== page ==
With 360 confirmed species of birds, Prescott is one of Arizona's leading birding destinations. Popular sighting locations include Lynx Lake, Goldwater Lake, Granite Basin Lake, Thumb Butte Picnic Area, Granite Creek Park, the Watson Woods Riparian Preserve (just south of Watson Lake), and the Watson-Willow Lake Ecosystem Important Bird Area (IBA).
In addition to Watson and Willow Lakes and their surrounding uplands, a two-mile stretch of Granite Creek immediately south of Watson Lake that encompasses the Watson Woods Riparian Preserve, is part of the IBA.
Birding in Prescott - by Bonnie Pranter
Since 1974, over 360 species of birds have been confirmed in the Prescott area (Birds of Prescott, Arizona, Carl S. Tomoff, 5th edition, 2010). One reason for this diversity of birdlife is the varied vegetative communities present.
The local recreational areas of Lynx Lake, Goldwater Lake, Granite Basin Lake, Thumb Butte Picnic Area, White Spar Campground, and Lower Wolf Creek Campground are located within ponderosa pine forest with pinyon-juniper woodland, chaparral, and riparian (creekside) vegetation adjacent to or interspersed with the forest.
Resident forest birds common at these sites include Acorn Woodpecker, Hairy Woodpecker, Steller's Jay, Mountain Chickadee, White-breasted Nuthatch, Pygmy Nuthatch, Brown Creeper, Western Bluebird, Dark-eyed Junco, and Pine Siskin. In summer also find Broad-tailed Hummingbird, Western Wood-Pewee, Cordilleran Flycatcher, Violet-green Swallow, House Wren, Grace's Warbler, Hepatic Tanager, Western Tanager, and Chipping Sparrow. Winter residents include the Red-naped Sapsucker and Ruby-crowned Kinglet. At higher elevations such as near Hassayampa Lake, find also Red-breasted Nuthatch, Hermit Thrush, and, in summer, Red-faced Warbler.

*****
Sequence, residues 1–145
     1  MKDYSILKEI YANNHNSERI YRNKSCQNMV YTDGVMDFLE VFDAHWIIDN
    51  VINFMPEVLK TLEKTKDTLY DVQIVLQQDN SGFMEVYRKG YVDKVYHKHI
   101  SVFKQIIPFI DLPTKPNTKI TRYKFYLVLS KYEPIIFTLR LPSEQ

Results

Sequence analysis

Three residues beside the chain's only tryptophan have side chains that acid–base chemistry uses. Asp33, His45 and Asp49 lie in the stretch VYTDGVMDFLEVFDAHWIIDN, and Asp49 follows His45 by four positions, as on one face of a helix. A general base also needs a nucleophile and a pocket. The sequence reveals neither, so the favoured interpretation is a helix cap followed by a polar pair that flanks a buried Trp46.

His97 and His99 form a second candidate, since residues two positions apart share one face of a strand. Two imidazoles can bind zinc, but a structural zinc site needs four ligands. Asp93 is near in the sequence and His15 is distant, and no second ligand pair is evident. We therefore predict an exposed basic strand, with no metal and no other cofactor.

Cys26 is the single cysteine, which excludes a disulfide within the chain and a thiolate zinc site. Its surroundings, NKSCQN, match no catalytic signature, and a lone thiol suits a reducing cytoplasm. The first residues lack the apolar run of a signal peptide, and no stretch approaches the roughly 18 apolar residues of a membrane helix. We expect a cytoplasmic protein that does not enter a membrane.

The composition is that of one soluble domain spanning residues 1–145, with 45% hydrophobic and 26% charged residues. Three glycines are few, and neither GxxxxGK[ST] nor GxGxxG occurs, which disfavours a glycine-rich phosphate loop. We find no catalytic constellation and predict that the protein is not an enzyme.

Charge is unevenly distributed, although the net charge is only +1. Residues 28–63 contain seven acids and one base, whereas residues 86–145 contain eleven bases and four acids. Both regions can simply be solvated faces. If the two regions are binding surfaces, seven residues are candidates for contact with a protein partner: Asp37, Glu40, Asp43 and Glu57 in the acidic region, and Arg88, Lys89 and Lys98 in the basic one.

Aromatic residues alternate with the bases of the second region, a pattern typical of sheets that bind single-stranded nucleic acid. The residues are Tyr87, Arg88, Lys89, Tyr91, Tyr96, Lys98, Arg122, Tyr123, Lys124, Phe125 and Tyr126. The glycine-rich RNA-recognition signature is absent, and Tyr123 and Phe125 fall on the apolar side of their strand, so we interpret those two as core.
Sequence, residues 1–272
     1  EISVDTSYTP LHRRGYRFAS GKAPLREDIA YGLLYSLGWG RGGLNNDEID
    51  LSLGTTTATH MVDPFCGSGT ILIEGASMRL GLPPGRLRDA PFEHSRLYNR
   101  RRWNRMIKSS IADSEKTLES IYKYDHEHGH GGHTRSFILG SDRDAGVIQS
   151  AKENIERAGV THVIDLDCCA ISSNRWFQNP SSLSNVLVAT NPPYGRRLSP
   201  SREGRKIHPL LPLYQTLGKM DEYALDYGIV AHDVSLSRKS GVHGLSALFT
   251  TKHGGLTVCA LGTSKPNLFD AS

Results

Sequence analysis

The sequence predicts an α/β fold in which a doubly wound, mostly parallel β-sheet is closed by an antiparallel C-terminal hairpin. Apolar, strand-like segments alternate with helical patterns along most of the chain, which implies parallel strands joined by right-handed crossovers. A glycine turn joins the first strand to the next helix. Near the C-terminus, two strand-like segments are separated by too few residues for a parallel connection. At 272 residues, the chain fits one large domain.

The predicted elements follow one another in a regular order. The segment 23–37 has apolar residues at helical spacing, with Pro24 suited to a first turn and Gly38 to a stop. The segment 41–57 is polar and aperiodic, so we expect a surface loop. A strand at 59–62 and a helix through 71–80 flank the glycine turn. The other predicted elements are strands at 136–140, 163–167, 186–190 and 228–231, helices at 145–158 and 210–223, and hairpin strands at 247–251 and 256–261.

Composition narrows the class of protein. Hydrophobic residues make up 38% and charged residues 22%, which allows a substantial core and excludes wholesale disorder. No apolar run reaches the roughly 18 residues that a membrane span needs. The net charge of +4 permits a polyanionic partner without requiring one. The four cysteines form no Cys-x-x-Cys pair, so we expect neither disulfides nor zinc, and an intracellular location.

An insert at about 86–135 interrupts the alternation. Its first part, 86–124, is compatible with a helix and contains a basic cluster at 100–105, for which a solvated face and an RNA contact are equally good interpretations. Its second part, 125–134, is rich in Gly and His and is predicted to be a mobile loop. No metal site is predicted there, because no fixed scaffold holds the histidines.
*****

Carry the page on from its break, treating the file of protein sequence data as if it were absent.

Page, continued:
Typically found year-round within the pinyon-juniper and chaparral vegetation are Western Scrub-Jay, Bridled Titmouse, Juniper Titmouse, Bushtit, Bewick's Wren, Spotted Towhee, and Canyon Towhee. Summer additions include Virginia's Warbler, Black-throated Gray Warbler, and Phainopepla.
Streams wind their way through some of these locations with broad-leaved trees that, during the summer, host Black-chinned Hummingbird, Anna's Hummingbird, Black Phoebe (year-round), Plumbeous Vireo, Warbling Vireo, Lucy's Warbler, Yellow Warbler, Painted Redstart (forest), Summer Tanager, Black-headed Grosbeak, Brown-headed Cowbird, Bullock's Oriole, and Lesser Goldfinch. Granite Creek Park (A.C. Williams Park) on 6th Street in town, Watson Woods Riparian Preserve just south of Watson Lake, and the Cottonwood Peninsula at the west end of Willow Lake also host such riparian species.
The Watson-Willow Lake Ecosystem Important Bird Area (IBA) has this designation in large part due to the great numbers and variety of waterfowl and other water birds that use the lakes as their winter home. (Along with both lakes and their surrounding uplands, a two-mile stretch of Granite Creek immediately south of Watson Lake that encompasses the Watson Woods Riparian Preserve, is part of the IBA.) A handful of Bald Eagles (also observable at Lynx and Goldwater Lakes) are active here in winter also. Great Blue Heron and Killdeer can be seen all year. In Watson Lake Park , among other songbirds, Rock Wren and Canyon Wren may be observed. Along Willow Lake Road American Kestrel and Western Meadowlark are present.
Numerous hawks feed in the grassland regions during the winter. Chino Valley is a good place to find Northern Harrier and Ferruginous Hawk, along with the resident Red-tailed Hawk. Horned Lark, Western Meadowlark, Loggerhead Shrike, and Say's Phoebe are common residents, and, in summer, Lark Sparrow, Northern Mockingbird, and Western Kingbird nest. Sparrows seen in winter include Vesper, Savannah , Lincoln 's, and White-crowned, along with Mountain Bluebird, Red-winged Blackbird, and Brewer's Blackbird.
Group birding opportunities and other information may be found on the Prescott Audubon Society’s website.